Saturday, February 27, 2010
A Writer's Condition
I'll always think of glaucoma as a writer's condition. James Joyce was famously a sufferer, as his eyesight deteriorated whilst he frantically wrote to the end of Finnegan's wake. I've often wondered if this last novel was almost an artistic statement of his condition in some way. Glaucoma is a deteriorating condition, so your field of vision reduces, and the treatment's even now, are about stopping that deterioration rather than reversing it. Once it's gone, it's gone. And it's not an exagerration to say that a writer's eyes are more than the window on his or her soul, but the enablers of the whole exercise. Other people just use them to see, a writer uses them to process, to sift, to transform what we see into words. I was diagnosed with glaucoma about five or six years ago, and I know at least two other writers who have it. Perhaps its those years of reading, or close work against a piece of paper or a screen. Or perhaps its just because it can seem more debilitatiing to a writer, because of what we do - what we need to do. After five years of drops, I went in for an operation on Thursday, a "trabeculectomy." Having never had any sort of surgery in the past this was a new experience. The operation seemed to go well, though as it was under a general anaesthetic I have to take the doctors' words for it. I've now more drugs to take for the next week or so than Shaun Ryder on a weekend in Ibiza, and having a quiet time, before going back in to have the eye checked in a week. There's no pain, but there is irritation, and rather than spending my 43rd birthday in a bar somewhere with a glass or two of Pinot Grigio next Thursday, a quiet night in with my medications is in order.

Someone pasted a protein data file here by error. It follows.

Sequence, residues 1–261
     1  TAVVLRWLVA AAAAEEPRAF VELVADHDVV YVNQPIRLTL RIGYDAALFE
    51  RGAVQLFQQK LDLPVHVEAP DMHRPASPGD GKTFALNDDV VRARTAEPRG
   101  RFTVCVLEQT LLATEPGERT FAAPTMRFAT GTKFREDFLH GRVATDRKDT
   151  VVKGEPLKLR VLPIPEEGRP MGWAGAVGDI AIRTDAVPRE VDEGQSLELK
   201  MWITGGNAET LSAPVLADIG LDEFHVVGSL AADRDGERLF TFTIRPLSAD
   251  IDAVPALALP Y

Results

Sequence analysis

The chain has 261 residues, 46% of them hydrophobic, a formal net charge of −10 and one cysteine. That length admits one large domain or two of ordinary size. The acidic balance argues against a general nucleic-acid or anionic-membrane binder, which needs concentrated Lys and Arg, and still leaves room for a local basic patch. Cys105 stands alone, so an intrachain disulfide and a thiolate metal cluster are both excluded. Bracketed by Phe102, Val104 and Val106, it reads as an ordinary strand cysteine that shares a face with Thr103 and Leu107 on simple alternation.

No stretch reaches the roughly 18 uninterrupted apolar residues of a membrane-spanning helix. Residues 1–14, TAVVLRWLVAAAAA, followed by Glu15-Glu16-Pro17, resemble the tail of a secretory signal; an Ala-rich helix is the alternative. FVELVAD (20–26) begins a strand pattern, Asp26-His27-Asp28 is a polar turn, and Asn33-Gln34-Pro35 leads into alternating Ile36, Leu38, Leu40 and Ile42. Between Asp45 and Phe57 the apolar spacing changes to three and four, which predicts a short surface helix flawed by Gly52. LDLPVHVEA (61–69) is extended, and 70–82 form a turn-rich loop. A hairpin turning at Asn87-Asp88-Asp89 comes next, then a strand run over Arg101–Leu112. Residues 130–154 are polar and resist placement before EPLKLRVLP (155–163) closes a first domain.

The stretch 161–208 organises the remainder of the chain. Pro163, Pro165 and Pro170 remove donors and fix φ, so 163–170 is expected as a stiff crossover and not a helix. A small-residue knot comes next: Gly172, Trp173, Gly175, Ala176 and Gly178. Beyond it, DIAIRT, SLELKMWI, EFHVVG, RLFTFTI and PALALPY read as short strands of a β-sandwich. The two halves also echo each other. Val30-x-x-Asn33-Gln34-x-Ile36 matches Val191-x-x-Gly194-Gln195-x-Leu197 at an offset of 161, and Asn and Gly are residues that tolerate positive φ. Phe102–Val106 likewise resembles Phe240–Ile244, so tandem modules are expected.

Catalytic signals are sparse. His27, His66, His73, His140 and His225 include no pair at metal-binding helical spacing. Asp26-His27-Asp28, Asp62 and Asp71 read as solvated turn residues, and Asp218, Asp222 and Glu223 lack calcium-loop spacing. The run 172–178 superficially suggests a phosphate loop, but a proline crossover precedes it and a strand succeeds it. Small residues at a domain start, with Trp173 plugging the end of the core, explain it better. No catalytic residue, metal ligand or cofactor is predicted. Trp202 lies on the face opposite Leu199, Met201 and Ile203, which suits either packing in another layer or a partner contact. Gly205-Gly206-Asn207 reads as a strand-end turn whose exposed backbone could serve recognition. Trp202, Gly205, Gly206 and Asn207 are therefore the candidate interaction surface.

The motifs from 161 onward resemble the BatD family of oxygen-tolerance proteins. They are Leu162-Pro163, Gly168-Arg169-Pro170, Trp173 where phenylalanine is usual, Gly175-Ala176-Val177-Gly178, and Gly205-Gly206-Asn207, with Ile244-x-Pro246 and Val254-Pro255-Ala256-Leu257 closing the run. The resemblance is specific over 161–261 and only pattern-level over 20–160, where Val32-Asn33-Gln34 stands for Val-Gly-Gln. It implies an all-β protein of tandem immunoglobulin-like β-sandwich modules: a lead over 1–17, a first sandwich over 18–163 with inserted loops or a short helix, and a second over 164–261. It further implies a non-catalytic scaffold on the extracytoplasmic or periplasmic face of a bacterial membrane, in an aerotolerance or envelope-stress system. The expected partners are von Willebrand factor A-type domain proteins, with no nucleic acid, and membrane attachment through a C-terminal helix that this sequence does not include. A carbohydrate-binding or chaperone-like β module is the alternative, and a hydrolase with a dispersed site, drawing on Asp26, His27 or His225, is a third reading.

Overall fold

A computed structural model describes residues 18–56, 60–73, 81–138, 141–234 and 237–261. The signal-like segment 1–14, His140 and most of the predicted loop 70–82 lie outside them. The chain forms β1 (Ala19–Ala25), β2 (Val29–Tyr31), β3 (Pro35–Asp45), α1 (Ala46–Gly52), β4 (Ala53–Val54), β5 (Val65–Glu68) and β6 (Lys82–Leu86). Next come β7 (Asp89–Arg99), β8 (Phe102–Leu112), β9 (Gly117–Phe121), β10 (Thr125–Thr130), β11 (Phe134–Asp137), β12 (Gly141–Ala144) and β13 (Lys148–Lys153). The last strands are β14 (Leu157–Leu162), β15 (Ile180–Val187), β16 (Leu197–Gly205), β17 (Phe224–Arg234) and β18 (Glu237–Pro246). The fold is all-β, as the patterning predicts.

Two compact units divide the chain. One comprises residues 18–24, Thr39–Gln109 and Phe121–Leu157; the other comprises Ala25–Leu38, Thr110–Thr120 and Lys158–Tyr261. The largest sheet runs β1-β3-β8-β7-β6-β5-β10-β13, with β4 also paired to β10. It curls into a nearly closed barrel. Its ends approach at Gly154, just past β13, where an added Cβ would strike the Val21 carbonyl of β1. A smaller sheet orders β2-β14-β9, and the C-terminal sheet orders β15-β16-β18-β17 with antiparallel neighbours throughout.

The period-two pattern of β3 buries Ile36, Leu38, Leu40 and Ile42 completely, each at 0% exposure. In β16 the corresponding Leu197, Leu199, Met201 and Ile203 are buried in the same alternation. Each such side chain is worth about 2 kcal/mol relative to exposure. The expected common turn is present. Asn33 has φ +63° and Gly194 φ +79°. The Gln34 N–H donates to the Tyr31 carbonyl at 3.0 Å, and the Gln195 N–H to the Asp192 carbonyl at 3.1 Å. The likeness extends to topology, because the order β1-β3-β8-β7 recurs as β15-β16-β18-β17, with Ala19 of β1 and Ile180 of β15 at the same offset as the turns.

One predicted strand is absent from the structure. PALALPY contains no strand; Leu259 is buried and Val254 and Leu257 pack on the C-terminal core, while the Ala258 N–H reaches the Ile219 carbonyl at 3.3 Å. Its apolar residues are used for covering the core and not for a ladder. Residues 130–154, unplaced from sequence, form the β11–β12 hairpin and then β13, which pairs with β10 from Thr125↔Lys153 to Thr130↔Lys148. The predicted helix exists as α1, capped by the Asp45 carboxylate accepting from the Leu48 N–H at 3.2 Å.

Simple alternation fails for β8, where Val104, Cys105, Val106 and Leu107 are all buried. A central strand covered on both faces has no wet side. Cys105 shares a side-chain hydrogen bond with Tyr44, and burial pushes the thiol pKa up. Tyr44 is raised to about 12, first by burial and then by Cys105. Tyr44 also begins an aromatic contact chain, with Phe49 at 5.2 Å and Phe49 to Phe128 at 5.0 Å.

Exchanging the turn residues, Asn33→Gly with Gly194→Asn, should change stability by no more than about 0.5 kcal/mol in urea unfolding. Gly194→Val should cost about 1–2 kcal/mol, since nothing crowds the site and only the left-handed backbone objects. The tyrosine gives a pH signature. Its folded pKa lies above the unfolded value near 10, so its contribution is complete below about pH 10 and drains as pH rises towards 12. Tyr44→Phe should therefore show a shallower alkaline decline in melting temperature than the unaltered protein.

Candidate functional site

Posted by Adrian Slatcher at 1:09 AM